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March Newsletter

  • 08/03/2017
  • Nature Notes

March updates

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For those newly joined, welcome and thanks! We hope you enjoy keeping in touch through our newsletter which we send monthly from Sept to June.

Please keep an eye on the website, our twitter feed and the board in the car park for more updates.

Autumn & Winter opening hours: 8 a.m. To 5 p.m.

We are closed on Tuesdays.

Late closing for Friends will be the first Thursday of each month (2nd March, 6th April, 4th May, 1st June, 6th July, 3rd August, 7th September, 5th October).

Spring Clean - Saturday 8th April. 

Meet in the car park at 10 am on Saturday 8th April for the annual sea wall litter sweep. Tea and biscuits to follow around midday.

2017

Thank you very much to Barry whom has very generously devoted time to help with the Friends admin. We are now sending a reminder for subs renewals and have a concise handout booklet for visitors to take as they wish at the entry gate.

Late opening, as mentioned last month, has restarted this year with a good number staying late last Thursday. Future dates are the first Thursday of each month: 6th April, 4th May, 1st June, 6th July, 3rd August, 7th September, 5th October.

2017 stickers now available for collection or send a SAE to us - Kingshill Farm, Elmley, Kent, ME12 3RW.

Social Media and Day Visitors

We usually try to avoid being entangled in very time-consuming and often negative social media exchanges but on this occasion we though it a good opportunity to clarify our position on several points. As Friends of Elmley you will know that your annual subs are collected by the Elmley Nature Reserve CIC a not-for-profit and are only spent on visitor facilities and associated admin costs. We continue to invest significantly in day-visitor facilities and welcome a broad range of visitors in addition to our Friends. If interested or unsure you may like to read the piece that follows which clarifies several points for some day visitors:

Response to a group conversation on Facebook's Kent Birding: "Thank you to you all for taking the time to comment and share your opinions. We normally don’t engage with these social media discussions, as many of you know our office door and email account is open for conversations. However it is important at this stage that we do respond. I will try to respond to the main points discussed below.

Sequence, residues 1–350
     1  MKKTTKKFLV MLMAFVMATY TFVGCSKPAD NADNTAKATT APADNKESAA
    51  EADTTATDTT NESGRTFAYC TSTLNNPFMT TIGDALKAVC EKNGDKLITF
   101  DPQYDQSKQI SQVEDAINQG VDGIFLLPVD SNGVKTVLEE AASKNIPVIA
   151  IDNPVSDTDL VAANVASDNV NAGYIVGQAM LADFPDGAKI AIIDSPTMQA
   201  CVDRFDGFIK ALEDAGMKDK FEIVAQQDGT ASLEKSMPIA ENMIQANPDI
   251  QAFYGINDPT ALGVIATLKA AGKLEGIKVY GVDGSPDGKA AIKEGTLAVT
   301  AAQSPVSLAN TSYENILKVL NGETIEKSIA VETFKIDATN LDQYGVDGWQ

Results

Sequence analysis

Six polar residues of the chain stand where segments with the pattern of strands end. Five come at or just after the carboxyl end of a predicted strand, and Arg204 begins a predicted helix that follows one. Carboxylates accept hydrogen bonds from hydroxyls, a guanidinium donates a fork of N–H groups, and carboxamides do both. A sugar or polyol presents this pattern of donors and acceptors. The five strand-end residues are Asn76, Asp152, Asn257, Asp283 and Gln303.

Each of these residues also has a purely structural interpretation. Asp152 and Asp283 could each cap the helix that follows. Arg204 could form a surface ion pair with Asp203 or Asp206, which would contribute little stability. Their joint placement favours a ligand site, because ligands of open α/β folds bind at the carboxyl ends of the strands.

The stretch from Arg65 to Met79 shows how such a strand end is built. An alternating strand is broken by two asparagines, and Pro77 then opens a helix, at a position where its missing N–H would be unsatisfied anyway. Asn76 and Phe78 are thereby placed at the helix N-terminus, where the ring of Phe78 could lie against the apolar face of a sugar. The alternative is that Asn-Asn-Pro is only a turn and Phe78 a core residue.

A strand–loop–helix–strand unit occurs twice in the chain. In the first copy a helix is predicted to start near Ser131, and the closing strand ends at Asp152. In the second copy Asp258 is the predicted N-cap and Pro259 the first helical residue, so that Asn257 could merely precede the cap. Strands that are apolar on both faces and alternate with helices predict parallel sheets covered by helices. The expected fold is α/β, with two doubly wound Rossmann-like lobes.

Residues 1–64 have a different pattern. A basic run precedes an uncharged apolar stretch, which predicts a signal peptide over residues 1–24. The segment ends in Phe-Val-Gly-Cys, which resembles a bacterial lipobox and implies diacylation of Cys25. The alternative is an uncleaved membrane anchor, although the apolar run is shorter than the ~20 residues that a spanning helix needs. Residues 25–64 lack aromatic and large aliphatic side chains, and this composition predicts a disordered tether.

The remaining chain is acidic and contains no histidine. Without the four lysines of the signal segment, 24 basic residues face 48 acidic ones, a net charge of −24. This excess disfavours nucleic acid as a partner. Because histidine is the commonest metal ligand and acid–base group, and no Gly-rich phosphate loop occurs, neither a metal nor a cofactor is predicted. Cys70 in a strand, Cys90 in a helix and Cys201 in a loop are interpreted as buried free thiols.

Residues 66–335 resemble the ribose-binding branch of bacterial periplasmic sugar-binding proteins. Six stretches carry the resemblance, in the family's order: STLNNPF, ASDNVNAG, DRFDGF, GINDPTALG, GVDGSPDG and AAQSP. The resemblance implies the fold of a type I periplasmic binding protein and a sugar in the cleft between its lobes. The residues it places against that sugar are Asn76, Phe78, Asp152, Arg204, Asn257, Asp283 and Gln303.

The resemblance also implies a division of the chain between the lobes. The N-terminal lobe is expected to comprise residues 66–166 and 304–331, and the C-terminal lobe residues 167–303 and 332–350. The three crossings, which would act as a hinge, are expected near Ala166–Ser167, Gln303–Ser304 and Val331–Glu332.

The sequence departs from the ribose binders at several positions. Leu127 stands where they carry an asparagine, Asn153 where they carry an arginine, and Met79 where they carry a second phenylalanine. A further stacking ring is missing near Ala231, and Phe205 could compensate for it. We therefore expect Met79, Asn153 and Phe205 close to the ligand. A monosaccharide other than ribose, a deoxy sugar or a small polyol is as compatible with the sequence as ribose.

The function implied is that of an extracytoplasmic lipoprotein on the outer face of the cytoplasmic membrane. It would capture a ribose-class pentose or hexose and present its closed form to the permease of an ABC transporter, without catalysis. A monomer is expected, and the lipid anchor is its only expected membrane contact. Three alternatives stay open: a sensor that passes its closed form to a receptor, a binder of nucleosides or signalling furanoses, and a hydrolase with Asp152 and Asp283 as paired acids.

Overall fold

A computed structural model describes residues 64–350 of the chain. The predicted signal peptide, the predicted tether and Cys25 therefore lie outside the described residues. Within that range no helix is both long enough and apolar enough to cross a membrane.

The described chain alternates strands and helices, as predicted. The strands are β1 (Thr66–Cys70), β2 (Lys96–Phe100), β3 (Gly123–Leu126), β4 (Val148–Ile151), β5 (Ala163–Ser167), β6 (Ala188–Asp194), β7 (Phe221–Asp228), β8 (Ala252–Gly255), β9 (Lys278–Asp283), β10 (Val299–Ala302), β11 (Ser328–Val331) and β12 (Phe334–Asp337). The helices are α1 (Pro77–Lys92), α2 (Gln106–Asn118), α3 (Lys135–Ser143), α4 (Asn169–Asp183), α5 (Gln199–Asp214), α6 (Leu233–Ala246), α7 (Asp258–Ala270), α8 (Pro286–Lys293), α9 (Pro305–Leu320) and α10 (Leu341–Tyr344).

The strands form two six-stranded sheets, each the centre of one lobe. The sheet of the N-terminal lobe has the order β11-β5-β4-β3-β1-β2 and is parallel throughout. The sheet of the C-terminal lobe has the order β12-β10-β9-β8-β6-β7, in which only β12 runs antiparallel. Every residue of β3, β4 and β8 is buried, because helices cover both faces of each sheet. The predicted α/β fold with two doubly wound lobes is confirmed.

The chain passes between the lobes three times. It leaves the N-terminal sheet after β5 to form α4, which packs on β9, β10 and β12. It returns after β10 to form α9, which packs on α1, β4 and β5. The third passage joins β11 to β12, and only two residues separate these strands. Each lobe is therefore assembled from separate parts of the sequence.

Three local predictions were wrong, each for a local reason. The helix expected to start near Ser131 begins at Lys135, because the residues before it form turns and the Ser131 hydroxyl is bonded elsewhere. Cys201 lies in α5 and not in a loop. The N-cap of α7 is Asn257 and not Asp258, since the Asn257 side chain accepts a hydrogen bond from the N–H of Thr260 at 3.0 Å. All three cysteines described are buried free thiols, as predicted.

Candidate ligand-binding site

Access and entry charge:

As an National Nature Reserve, one of the tenets is public access in some form. However this does not need to be 6 days a week from 8am to 5pm. We choose to open our family home during these times because we strongly believe in providing public access.

As a National Nature Reserve we are entitled to charge, and do have support from Natural England in this. When the RSPB left we decided to request a contribution on an honesty basis. It is stated clearly on the website that this is for entrance. All funds raised are held by a not-for-profit company – The Elmley Nature Reserve Community Interest Company – and all go directly towards supporting the visitor facilities. We have spent a huge amount of money and effort in improving the facilities - a new disabled access visitor loo (with heating and hot water) will be going in by end of March, in addition to the Swale viewing screen, perching posts on the way to the hides, new scrapes next to the road for better birding from the car, improvements to the hides.

The facilities do include the entrance road, firstly as it costs us a huge amount in time and materials to maintain it to its standard which are needed by the c.15,000 visitors to Elmley.

However this is also to try and encourage longer and more careful visits rather than visitors rushing up and down the track to spot an owl which causes the majority of disturbance to the wildlife and difficulties for us as wardens.

Sadly, only around 20% of visitors contribute. This means that we do not collect sufficient funds through the Elmley Nature Reserve Community Interest Company to maintain the visitor facilities as we do and in fact it is heavily subsidized by us. This is also sadly unfair on those visitors which do pay and the Friends of Elmley.

We are very aware that collection and information could be better managed (please remember we are a small team and working hard). All comments and suggestions here have been taken on board. But there are many visitors that know and choose still not to pay. To counter any confusion and ensure that we can properly maintain the visitor facilities we will have to move to an entry charge system in the future (which would provide concessions). This does have the support of Natural England.

If you do still feel strongly about the entry, please do instead visit Swale NNR which we also manage, along with three hides accessible 24/7 (but no expensive entry road!) and there is no entry charge.

Our visitors